KNOCK KNOCK WHO’S THERE?
How well is your business protected from the onslaught of Cyberattacks?
It’s a tough question to answer.
And one that many small business owners just aren’t qualified to answer.
According to a report published by Vistage in 2018 called Cyber threats and Solutions for Small and Midsize Businesses, 62% of small businesses don’t have an up-to-date or active cybersecurity strategy in place.
One reason is that many small businesses don’t have the time, personnel or skills to take on Cybersecurity.
Another reason is that cybersecurity is such a broad field that it’s hard to get your arms around how to handle it properly.
These 2 reasons and others are why most small businesses end up outsourcing their cybersecurity functions to a tech service provider.
Regardless of where you are in your cybersecurity efforts, here are the 4 steps you can take to better protect your business against attacks and breaches:
Make an honest assessment of your current cybersecurity defenses and the potential risks your company faces if there’s a breach.
To do this, you’ll need to have a tech service provider assess where you’re at today.
Most tech service providers perform security and network assessments that can help you understand where you’re at and what needs to be done to improve the security posture of your business.
Decide whether you can manage cybersecurity in-house or whether it would be better to outsource it.
This is a critical step.
Make a decision on which path to take helps to lay the groundwork for how you’ll handle cybersecurity going forward.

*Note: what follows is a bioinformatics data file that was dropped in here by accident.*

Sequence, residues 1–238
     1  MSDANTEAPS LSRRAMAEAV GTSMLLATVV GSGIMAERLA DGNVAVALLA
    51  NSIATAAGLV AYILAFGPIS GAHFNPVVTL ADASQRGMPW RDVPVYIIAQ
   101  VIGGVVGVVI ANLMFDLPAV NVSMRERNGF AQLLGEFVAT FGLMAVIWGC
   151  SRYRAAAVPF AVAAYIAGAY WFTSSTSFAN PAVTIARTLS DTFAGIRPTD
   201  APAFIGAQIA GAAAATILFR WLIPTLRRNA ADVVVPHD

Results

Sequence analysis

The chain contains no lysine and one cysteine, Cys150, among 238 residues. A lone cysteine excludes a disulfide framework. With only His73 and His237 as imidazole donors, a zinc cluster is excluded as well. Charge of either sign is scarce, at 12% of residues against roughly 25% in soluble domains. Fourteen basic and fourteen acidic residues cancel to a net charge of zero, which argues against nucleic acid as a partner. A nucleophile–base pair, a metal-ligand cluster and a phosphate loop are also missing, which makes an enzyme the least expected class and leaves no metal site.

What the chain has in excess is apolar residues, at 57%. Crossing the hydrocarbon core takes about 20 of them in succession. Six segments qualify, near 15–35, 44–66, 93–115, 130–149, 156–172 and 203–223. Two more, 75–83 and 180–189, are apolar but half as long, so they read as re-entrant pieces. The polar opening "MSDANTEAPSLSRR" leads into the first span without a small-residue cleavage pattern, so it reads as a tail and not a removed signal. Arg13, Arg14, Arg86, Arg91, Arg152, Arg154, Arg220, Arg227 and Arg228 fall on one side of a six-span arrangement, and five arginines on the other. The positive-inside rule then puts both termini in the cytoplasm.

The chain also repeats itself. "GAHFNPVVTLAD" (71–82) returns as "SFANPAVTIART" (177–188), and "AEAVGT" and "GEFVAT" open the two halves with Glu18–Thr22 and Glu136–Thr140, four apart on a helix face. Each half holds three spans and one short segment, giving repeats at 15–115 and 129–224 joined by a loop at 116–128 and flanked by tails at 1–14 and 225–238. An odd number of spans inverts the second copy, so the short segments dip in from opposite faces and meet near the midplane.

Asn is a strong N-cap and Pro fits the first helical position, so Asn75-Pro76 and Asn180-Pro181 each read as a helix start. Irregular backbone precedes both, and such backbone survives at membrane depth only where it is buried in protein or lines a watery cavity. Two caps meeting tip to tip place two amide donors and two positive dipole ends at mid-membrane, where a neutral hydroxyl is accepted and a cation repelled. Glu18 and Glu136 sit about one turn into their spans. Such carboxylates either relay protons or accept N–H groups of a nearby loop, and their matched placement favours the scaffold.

If you decide to manage cybersecurity in-house you’ll still need to outsource the smarts.
There’s nothing wrong with wanting to own this function yourself if it is that important to you.
Still, other business owners and managers feel comfortable with a less hands-on approach and just outsource the cybersecurity altogether.
Implement layered security measures to detect and block attacks.
This is where having the right mix of education, experience and exposure comes into play.
Designing a layered security model that gives your business the right level of security takes some time.
Both in design and implementation.
But it needs to be done.
Educate your employees on cybersecurity threats and best practices.
The final piece that most small businesses don’t do well is educating their staff on cybersecurity.
Educating your staff on cybersecurity can really help reduce your exposure to attacks.
A simple behavior like just deleting suspicious emails makes a difference.
Side note—I call this behavior delete don’t click.
Take a minute this week and ask yourself these 4 questions.
Then commit to taking the next step to improve cybersecurity in your business.